In the summer of 1945 I was six years old and my brother David had just turned five. Our house at 73 Sheridan St. Jamaica Plain, Massachusetts was a big two family grey clapboard set back 25 feet from the street, angled up and back with large rectangular shrubs towards the front and sides. In the rear of the house was a small victory garden with a wood pile and small chicken coop that contained some very sharp beaked chickens. World War Two had been raging on since just after I was born. My father Joe, was not in the war. He was exempt because of his age (39) and his having to support two small children and a wife. He was not home often as he worked operating a crane at the Boston Army base in South Boston and put in many hours of overtime in those last years of World War Two. My mother Betty was at home doing duty as a housewife.
I knew about the war as my father had let my brother and I go to our first movie down the hill at the Jamaica theater. We saw Thirty Seconds over Tokyo, We saw the movie one and a half times. Dad told us not to come home until the movie ended. In those days the movies were continuous and so we just sat there until my father appeared along with the usher and his blazing flash light.
My sister Marilyn was born early the next year. My mother had a brother, Larry Towler from Holbrook St. who was in the Navy and stationed at Corpus Christy Texas as an instructor for the past three years. My brother and I would always look forward to my mother receiving a letter from Uncle Larry. He had previously sent my brother and I a picture of two horses that he was riding in Texas and when the war was over he was going to bring them back to us and they were to be ours. One was a beautiful silver stallion and the other a brown and white. In every one of his letters he would tell us all about the riding he had done and the adventures he was having in far away Texas. “TEXAS” a name that would conjure up wild west images gleaned from a diet of the Lone Ranger and Tonto. I remember Gene and Roy and so many others riding the airwaves of our faithful Philco. David and I figured we could keep the horses in the back yard along with the chickens.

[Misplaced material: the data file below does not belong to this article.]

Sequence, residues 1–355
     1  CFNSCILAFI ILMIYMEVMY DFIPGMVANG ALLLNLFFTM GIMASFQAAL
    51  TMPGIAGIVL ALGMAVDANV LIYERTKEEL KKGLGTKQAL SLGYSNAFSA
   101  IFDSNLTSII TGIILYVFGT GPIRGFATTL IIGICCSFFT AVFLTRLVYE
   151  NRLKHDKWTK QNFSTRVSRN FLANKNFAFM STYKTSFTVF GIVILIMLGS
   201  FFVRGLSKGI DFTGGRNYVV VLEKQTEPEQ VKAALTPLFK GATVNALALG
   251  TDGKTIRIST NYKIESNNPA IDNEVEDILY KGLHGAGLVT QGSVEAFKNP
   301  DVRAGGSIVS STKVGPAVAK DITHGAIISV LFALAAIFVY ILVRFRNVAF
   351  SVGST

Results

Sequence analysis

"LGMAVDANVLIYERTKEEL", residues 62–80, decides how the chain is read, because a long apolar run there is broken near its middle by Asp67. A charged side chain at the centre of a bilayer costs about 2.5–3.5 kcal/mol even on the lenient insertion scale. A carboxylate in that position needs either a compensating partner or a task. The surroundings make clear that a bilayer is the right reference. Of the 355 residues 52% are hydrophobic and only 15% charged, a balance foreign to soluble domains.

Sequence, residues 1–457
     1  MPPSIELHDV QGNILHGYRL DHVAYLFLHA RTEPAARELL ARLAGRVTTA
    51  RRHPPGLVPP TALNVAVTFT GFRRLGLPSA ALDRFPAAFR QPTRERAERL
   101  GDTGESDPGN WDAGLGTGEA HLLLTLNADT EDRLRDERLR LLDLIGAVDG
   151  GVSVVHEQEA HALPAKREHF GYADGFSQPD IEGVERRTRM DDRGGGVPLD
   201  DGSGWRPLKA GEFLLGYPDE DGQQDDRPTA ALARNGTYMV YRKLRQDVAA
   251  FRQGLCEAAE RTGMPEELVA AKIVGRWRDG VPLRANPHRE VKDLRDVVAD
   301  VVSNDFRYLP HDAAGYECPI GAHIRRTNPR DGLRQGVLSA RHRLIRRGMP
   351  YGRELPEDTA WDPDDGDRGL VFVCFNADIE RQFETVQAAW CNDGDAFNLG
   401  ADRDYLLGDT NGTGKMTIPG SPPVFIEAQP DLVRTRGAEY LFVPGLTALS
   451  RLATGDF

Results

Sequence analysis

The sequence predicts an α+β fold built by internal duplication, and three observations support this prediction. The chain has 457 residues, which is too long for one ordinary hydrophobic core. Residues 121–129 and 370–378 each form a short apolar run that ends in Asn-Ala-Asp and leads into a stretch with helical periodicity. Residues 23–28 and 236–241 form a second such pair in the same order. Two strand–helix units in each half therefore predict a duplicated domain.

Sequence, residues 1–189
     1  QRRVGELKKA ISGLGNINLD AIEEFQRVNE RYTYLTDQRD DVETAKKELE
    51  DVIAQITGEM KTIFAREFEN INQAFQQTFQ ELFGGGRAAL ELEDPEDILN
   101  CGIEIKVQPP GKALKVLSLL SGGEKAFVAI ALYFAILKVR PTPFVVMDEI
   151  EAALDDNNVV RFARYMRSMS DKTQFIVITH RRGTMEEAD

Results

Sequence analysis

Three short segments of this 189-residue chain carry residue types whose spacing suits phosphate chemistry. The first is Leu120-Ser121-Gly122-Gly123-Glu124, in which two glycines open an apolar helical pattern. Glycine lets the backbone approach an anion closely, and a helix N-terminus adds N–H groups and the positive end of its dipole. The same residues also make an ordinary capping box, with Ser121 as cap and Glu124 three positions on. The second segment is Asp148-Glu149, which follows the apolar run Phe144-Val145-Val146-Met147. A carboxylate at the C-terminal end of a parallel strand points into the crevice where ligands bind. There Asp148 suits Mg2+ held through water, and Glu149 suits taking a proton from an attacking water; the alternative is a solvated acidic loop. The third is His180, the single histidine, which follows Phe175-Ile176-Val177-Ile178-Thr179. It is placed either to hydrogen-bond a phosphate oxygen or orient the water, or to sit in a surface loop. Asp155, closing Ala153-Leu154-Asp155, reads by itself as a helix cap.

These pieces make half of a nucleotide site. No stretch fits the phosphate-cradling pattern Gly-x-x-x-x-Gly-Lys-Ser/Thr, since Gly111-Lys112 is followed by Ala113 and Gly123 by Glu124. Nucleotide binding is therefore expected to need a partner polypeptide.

I remember the hot August day of 1945 that was to become known as VJ day. It’s been a long time now but I can still picture a sunny day with deep blue skies and high flying cumulus clouds, a tree lined street that led down the hill to the square. The fire station siren was wailing and all of the church bells were ringing. People were running from their houses and into the streets shaking hands and hugging each other My mother came running out with my brother in tow yelling with excitement that the war was finally over and the boys would soon be coming home.
I also knew that my uncle Larry would soon be home with those two beautiful Texas horses. It was a bitter truth when Uncle Larry came home without the horses. That was the point in my life that I became a skeptic. While he could never replace the fine stallions he did smooth things over with a large wooden model of a B-29 bomber for me and a fighter plane for my brother. His excuse was they would not let him bring the stallions home on the train. Years later while at a flea market I saw the very same picture of “my” stallions. Only this time a caption on the bottom read Silver and Scout. They are all gone now with the exception of me, and 66 years later It still brings a smile when I think of those wonderful people and those times.